The Simpsons' seventh season aired on the Fox network between September 17, 1995 and May 19, 1996. The show runners for the seventh production season were Bill Oakley and Josh Weinstein who would executive produce 21 episodes this season. David Mirkin executive produced the remaining four, including two hold overs that were produced for the previous season; the season was nominated for two Primetime Emmy Awards, including Outstanding Animated Program and won an Annie Award for Best Animated Television Program. The DVD box set was released in Region 1 December 13, 2005, Region 2 January 30, 2006 and Region 4 on March 22, 2006; the set was released in two different forms: a Marge-shaped box and a standard rectangular-shaped box in which the theme is a movie premiere. The season was the first season executively produced by Bill Oakley and Josh Weinstein, who had written episodes for previous seasons, they were chosen because they had been with the show since the third season and understood many of its dynamics.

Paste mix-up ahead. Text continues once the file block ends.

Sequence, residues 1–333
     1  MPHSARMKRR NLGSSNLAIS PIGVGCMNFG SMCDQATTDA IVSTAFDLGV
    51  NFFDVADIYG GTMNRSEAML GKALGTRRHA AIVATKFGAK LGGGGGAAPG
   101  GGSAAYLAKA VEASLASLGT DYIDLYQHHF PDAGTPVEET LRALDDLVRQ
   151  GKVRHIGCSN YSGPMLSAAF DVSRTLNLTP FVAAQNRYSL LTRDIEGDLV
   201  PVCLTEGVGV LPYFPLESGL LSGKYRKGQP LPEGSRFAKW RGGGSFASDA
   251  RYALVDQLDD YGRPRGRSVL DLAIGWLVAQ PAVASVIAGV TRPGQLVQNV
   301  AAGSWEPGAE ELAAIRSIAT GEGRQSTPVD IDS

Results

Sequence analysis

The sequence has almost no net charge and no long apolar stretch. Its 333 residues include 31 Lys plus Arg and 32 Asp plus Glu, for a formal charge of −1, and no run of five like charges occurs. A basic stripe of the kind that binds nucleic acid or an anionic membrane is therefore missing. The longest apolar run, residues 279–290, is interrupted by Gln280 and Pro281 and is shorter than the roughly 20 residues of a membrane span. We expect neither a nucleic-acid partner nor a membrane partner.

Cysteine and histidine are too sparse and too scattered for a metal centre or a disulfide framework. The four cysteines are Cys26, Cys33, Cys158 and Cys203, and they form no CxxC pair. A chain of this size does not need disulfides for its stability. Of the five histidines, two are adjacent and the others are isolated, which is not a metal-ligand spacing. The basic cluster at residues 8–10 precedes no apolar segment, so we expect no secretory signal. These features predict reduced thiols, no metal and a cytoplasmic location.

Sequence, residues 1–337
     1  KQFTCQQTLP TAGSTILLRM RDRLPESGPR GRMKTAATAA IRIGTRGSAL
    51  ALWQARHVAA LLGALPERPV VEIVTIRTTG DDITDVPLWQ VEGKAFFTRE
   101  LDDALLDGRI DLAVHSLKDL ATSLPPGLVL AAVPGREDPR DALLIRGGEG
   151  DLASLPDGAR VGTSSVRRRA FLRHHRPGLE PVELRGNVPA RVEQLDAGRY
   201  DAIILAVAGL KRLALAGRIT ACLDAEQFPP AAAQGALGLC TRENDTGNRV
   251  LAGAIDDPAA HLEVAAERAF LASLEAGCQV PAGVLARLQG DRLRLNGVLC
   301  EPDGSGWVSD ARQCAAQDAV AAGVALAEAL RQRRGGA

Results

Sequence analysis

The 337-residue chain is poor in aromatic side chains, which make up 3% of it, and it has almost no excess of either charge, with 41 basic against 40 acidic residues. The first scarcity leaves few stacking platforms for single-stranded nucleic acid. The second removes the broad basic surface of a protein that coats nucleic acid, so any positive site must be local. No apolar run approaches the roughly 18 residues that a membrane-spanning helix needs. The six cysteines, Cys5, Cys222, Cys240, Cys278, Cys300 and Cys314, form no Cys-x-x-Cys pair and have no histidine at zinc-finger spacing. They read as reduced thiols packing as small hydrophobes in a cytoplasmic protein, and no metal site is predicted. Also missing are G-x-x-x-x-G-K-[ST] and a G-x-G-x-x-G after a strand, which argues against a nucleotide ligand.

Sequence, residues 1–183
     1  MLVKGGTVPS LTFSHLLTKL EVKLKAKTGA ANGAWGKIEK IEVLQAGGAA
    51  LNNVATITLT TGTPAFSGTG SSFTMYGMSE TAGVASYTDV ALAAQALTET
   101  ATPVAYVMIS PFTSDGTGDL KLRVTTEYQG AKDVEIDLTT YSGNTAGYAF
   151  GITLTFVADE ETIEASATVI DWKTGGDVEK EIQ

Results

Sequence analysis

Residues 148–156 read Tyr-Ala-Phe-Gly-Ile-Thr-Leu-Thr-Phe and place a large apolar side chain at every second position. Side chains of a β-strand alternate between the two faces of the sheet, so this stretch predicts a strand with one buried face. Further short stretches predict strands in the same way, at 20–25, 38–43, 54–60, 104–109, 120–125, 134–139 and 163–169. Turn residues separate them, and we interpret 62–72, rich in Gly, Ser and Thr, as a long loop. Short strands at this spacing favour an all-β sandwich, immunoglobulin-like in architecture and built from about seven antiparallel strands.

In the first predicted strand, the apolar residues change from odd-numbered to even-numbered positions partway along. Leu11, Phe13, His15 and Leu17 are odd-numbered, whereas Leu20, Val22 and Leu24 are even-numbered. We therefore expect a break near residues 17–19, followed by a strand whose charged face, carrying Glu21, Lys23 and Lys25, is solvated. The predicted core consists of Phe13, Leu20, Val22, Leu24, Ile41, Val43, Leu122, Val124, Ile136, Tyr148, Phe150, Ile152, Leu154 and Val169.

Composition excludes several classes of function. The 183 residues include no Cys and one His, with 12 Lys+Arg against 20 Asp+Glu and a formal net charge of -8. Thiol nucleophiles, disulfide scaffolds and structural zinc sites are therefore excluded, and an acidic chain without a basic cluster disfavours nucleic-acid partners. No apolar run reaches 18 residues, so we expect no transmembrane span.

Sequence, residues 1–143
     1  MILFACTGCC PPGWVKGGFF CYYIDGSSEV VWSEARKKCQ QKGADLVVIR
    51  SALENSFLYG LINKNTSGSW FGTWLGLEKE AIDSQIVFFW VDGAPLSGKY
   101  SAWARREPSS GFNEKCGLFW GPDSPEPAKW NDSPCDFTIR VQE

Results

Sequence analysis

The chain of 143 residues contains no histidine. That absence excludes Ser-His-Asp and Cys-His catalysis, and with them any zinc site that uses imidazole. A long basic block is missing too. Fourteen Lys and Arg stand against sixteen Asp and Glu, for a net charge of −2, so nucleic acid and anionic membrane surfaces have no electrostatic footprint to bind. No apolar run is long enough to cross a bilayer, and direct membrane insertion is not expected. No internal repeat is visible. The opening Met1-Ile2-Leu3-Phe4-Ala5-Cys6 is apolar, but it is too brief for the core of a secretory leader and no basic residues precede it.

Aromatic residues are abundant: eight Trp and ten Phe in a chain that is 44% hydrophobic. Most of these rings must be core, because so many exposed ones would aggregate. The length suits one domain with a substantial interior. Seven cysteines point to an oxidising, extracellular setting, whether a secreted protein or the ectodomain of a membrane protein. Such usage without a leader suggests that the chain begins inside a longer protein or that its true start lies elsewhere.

When they took over the series they wanted many of the episodes to be realistic ones that focused more on the five members of the Simpson family, exploring their feelings and emotions towards each other. They wanted to produce a Treehouse of Horror episode, episodes about Sideshow Bob, Itchy & Scratchy and several "format-bending" episodes such as "22 Short Films About Springfield", their preferred choice of guest stars were those with unique and interesting voices, several of their guest stars were "old grizzled men with distinctive voices" such as R. Lee Ermey, Donald Sutherland, Kirk Douglas and Lawrence Tierney. David Mirkin, executive producer for the previous two seasons, was credited as a consulting producer for the seventh season but executive produced the episodes "Who Shot Mr. Burns?", "Radioactive Man", "Lisa the Vegetarian" and "Team Homer". Steve Tompkins, Dan Greaney, Richard Appel and Rachel Pulido received their first writing credits while Spike Feresten and Jack Barth received their only writing credits this season.